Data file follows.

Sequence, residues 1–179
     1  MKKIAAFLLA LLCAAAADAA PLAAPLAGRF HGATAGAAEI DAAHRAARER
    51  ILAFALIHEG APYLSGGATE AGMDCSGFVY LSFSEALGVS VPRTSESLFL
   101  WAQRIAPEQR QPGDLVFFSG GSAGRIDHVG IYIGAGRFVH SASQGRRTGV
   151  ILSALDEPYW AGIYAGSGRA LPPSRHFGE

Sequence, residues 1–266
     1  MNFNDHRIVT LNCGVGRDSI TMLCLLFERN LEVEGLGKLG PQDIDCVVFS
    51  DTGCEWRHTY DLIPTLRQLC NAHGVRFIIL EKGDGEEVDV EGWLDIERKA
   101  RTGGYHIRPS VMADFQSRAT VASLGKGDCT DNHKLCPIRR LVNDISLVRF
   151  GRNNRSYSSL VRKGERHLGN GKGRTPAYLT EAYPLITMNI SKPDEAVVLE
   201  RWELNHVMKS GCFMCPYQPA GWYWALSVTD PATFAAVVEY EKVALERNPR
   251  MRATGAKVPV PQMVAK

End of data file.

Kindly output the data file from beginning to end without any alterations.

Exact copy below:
Sequence, residues 1–179
     1  MKKIAAFLLA LLCAAAADAA PLAAPLAGRF HGATAGAAEI DAAHRAARER
    51  ILAFALIHEG APYLSGGATE AGMDCSGFVY LSFSEALGVS VPRTSESLFL
   101  WAQRIAPEQR QPGDLVFFSG GSAGRIDHVG IYIGAGRFVH SASQGRRTGV
   151  ILSALDEPYW AGIYAGSGRA LPPSRHFGE

Sequence, residues 1–266
     1  MNFNDHRIVT LNCGVGRDSI TMLCLLFERN LEVEGLGKLG PQDIDCVVFS
    51  DTGCEWRHTY DLIPTLRQLC NAHGVRFIIL EKGDGEEVDV EGWLDIERKA
   101  RTGGYHIRPS VMADFQSRAT VASLGKGDCT DNHKLCPIRR LVNDISLVRF
   151  GRNNRSYSSL VRKGERHLGN GKGRTPAYLT EAYPLITMNI SKPDEAVVLE
   201  RWELNHVMKS GCFMCPYQPA GWYWALSVTD PATFAAVVEY EKVALERNPR
   251  MRATGAKVPV PQMVAK